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Challenges of Alternative Energy in Transportation

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Technology is fundamentally shaping the world we live in. It seems that rarely a week goes by without announcement of a new advancement in the energy or transportation industries. As technology continues to rapidly evolve and life looks ever different, the one constant the industry can count on is that it will, undoubtedly, continue to change.

This is particularly true of alternative transportation energies. While 2017 data shows that diesel still had 94.5 percent US fuel volume, new fuel and energy types are becoming more widely available. From electric vehicles to natural gas, advancements in more sustainable transportation technology are on the horizon, and the industry is incredibly optimistic about this diversification.

Amidst the excitement of alternative energies, challenges do exist, however. These challenges must be scaled collectively by the transportation industry to proliferate the adoption of diverse energy types.

Cost of Entry

As with any new technology, a high level of capital investment from a diverse array of stakeholders is necessary to permeate the market, bringing innovative technology to the road across the US. When technology is fresh, initial production costs remain high until enough adoption occurs in the marketplace to scale production for the mass market.

This process creates a positive feedback loop—high costs keep investors at bay, waiting for early adopters to initiate the movement. But without early adopters are unlikely to move quickly when costs remain high. Such is the case for most alternative transportation energies today—battery electric, CNG, LNG, among others. While the industry is starting to see some early applications from a few first movers, widespread use is yet to be seen.

Infrastructure Limitations

New CNG station builds peaked in 2014 at 163. Since that time, the number of new stations declines each consecutive year. There are only 41 new stations registered through 2017 and 8 new stations so far in 2018. Infrastructure in the hydrogen fuel cell and electric spaces has yet to develop.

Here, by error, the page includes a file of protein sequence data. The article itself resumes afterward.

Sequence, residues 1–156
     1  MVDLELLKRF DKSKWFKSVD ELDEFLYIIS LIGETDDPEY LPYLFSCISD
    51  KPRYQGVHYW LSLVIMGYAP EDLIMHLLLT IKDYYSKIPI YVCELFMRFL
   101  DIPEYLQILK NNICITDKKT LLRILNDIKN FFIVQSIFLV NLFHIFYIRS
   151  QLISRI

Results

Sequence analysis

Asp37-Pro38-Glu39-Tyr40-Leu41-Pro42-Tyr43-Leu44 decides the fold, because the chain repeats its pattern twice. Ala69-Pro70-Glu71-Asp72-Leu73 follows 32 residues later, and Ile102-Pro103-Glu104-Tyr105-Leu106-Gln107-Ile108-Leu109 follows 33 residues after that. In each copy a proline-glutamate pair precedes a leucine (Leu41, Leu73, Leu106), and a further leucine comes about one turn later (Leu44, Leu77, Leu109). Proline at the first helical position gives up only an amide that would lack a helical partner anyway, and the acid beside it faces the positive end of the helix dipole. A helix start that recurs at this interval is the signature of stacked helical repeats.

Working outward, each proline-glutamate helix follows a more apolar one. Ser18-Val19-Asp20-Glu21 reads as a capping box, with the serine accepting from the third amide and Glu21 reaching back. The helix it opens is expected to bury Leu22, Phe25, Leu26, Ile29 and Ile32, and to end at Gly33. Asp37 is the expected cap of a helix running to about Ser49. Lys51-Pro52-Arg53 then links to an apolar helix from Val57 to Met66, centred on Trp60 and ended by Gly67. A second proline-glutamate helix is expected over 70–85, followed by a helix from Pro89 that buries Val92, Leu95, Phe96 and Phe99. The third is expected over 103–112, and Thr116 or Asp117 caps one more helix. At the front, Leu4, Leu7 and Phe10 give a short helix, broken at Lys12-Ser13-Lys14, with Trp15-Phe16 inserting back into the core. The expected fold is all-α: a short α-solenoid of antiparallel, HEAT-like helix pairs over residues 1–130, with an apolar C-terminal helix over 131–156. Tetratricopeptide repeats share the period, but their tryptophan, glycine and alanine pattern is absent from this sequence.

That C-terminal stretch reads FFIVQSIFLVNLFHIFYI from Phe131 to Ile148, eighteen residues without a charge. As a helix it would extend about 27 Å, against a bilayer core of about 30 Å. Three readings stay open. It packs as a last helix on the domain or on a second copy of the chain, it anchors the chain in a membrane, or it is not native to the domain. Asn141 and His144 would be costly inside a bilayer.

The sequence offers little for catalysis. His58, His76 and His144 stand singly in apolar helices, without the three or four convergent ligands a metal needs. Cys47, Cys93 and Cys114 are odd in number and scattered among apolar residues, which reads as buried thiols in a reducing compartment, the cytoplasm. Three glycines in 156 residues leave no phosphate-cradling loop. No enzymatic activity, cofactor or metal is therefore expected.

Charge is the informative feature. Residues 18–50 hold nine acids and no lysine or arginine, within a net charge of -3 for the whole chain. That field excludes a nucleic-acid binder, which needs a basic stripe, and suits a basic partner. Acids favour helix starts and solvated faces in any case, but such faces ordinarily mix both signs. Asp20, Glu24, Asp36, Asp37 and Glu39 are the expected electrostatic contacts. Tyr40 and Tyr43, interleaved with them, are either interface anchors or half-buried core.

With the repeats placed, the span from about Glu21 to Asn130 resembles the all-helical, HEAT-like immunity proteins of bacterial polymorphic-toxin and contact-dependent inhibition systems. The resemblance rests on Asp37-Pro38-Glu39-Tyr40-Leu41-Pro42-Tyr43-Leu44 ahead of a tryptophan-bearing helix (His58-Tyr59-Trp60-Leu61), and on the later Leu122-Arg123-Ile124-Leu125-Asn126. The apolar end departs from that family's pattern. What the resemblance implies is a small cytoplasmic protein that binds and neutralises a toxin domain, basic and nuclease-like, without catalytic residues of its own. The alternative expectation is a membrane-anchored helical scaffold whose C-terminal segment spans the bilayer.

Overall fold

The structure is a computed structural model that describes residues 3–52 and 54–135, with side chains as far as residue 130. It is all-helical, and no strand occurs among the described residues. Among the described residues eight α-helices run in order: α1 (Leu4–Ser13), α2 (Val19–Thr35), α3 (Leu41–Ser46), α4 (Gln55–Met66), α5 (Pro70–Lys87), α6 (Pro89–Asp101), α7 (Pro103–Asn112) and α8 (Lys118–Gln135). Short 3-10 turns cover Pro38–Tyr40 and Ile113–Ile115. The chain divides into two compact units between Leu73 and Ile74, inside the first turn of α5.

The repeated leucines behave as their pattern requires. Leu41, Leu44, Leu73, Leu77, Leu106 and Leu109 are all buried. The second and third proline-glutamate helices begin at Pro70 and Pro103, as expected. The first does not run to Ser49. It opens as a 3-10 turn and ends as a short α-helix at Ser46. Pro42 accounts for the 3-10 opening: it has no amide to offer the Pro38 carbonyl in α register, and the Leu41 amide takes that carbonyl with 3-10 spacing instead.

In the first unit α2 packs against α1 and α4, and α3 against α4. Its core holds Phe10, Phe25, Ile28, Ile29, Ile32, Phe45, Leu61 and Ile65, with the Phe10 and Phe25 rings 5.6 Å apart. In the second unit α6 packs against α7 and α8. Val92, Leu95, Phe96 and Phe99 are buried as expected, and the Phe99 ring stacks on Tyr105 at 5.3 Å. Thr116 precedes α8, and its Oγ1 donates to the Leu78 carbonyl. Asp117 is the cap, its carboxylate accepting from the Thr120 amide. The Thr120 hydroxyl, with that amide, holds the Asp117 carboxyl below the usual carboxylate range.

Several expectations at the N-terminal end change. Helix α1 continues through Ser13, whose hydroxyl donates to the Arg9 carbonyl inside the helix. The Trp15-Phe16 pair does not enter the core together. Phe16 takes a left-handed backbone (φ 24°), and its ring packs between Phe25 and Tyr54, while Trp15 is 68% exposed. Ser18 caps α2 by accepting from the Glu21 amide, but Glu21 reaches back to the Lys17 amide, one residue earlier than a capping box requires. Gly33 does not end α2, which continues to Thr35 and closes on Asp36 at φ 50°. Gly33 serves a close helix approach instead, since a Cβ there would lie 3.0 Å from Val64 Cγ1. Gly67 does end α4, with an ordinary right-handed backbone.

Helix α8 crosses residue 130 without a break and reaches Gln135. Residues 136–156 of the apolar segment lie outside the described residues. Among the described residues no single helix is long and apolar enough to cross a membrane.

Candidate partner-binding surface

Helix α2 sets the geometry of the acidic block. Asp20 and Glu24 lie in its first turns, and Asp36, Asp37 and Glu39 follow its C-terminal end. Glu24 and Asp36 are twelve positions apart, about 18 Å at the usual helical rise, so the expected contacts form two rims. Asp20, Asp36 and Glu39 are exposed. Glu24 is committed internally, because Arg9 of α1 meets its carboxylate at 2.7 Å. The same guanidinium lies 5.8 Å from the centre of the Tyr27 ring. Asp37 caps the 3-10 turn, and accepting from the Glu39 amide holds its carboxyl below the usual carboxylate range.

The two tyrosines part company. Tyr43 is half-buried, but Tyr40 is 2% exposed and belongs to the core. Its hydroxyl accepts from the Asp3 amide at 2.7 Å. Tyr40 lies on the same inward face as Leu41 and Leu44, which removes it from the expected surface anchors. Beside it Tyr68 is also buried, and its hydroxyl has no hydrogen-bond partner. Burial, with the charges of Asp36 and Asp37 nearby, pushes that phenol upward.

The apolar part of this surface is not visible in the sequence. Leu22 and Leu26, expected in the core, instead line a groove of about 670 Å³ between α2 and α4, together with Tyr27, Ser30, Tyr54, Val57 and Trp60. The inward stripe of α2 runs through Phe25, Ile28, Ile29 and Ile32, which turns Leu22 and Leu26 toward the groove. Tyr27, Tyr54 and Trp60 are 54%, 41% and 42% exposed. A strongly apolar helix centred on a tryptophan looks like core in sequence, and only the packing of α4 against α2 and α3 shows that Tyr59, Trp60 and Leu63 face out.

Because adoption of new transportation energy technology proves to be a relatively slow process, developing adequate infrastructure to support it, in turn, takes time. To date, infrastructure remains one of the largest challenges the transportation industry must scale to fully adopt battery electric, hydrogen fuel cell, CNG, RNG, and other fuel types. This leads back to the issue of cost where a game theory-esque dance over who will first invest in infrastructure occurs. If the industry can collectively commit to developing infrastructure, the benefit for all parties stands to be highest. This is not to say infrastructure is stagnant. Efforts to expand fueling and charging stations are mobilizing—whatever pace they may take.

Standardization

The pace of change in the transportation industry has become exponential. Year over year new advancements in both fuel and equipment are making the alternative energy landscape more efficient and more ideal for implementation in real-world applications. This does, however, pose different challenges—how do corporations keep up? It seems the newest model is released before the prior technology even has a chance to take hold in the market.

To combat the short lifecycles of new technology, collaboration around standardization is essential. The industry needs to collaborate and decide, “to what are we plugging into?” and “how can we plug and play with the equipment and hardware that currently exists?” Manufacturers need to find solutions that don’t require consumers to reinvest from the bottom up every time technology changes. For example, many telematics software and much of today’s connected vehicle technology have shifted away from the equipment itself and into the cloud so that updates can be made via air-wave technology—eliminating the need to reinvest in the next model year-over-year.

Lack of Awareness

While the financials, economics, and physical data are easy to point to as challenges because of their quantitative nature, simple awareness of how each technology works, plans of action, and their effect on the industry needs to be a priority. If investors and key players in the alternative energy landscape do not have appropriate information and education, they are far less likely—if at all—to enter the game.

Further, educating the public to foster acceptance and reduce unfounded fears is necessary to facilitate engagement with new programs. Because these are technologies that the public will directly interact with on the road, their support has huge staying power when it comes to taking on risk and investing in new technology.

Overcoming Challenges for the New Wave of Energy

While these challenges are very real and affect the transportation industry at large, it is not impossible to overcome them. Many organizations are committed to confronting each one head-on. Investment is growing, and individual companies have pledged their commitment by ordering new equipment, announcing go-forward plans, and scaling back current use of fossil-fuel-based fuel types.

Collaboration is budding as all members of the transportation community have the same goal: to remain economically and functionally viable regardless of what the energy landscape looks like in ten years. For this reason, it is safe to say that the industry is both aware of these challenges, and will rally to overcome them in the future.

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